Ready or not, the cloud is here. Across the board, an overwhelming majority of organizations recognize the value of the cloud. According to a recent survey conducted by Rapid7, 90% of respondents believe that cloud operations are critical to the competitiveness of their business. Analysts agree — Gartner recently forecasted that by 2026, cloud end-user spending will make up to 45% of overall IT spend.
We've established that the industry accepts the shift toward the cloud, so today we're taking that a step further, specifically looking at attitudes toward automation in cloud security. To set the scene, 86% of respondents to our recent survey say they trust automation in their cloud security at least as much as manual effort by humans. Yet less than half (47%) have actually implemented automation in their cloud security program.
So what gives? Why does this gap exist between trust and actual adoption?
Attitudes toward automation
There's a variety of factors that impact trust in automation, such as vendor relationships and breach history. For example, when surveying organizations about their trust in automation versus skilled professionals, 18% of those that reported a breach said they don't trust automation. If you compare this to organizations that did not report a breach, only 14% stated they don't trust automation. This slight uptick shows that organizations who already suffered a security incident are slightly more gun-shy of implementing automated security solutions as compared to those who didn't.
Luckily for organizations hesitant to trust automation in the cloud, it is not an all-or-nothing exercise. There are different actions and levels of automation that can be experimented with until greater trust is achieved. For example, organizations can start with a cloud security solution automatically performing only one of monitoring, reporting, or remediation.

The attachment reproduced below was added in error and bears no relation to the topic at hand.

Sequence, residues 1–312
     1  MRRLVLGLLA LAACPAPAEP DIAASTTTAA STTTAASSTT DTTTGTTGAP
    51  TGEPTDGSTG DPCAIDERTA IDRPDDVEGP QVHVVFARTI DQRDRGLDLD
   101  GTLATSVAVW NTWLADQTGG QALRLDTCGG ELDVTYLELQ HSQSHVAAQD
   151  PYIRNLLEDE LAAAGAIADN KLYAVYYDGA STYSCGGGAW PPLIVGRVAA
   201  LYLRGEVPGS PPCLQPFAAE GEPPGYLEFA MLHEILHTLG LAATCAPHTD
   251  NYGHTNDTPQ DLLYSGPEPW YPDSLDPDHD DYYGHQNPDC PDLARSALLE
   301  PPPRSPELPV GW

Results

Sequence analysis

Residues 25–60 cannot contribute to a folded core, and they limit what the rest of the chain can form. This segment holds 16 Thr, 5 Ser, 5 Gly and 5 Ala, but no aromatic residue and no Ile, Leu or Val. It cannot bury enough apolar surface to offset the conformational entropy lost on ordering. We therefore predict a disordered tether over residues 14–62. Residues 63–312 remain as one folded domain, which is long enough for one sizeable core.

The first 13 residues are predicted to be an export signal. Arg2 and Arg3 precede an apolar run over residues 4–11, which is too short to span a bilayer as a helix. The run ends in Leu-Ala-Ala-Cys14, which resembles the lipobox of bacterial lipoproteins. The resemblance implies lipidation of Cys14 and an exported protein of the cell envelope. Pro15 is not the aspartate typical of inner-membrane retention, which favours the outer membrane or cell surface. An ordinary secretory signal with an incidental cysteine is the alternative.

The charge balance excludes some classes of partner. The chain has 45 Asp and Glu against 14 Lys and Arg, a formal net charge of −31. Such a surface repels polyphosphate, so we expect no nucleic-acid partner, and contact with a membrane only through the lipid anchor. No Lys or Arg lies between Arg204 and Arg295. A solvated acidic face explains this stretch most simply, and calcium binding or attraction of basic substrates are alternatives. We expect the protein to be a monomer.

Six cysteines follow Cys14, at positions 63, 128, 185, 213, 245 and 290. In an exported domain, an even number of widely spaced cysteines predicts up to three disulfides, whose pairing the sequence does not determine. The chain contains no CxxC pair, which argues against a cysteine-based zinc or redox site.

However, if you're looking to benchmark against what other leading companies are doing, 56% of respondents trust automation in their cloud security program to do all three of the above — monitoring, reporting, and remediation.
This growing level of trust in cloud security automation is reflected in many companies' future plans as well. Another 25% of organizations are planning on implementing automation into their cloud security program over the next 12 months. Implementation may be lagging behind, but it's still a goal many organizations are striving for. It's clear that while trust must continue to be earned, the time is now for automation adoption in order to drive cloud security forward.
If you're interested in exploring the topic of belief, trust, and reliance on automation, we recommend checking out our new report, Trust in the Cloud. This report covers many data points and survey responses, diving into the gap between automation attitudes and implementation.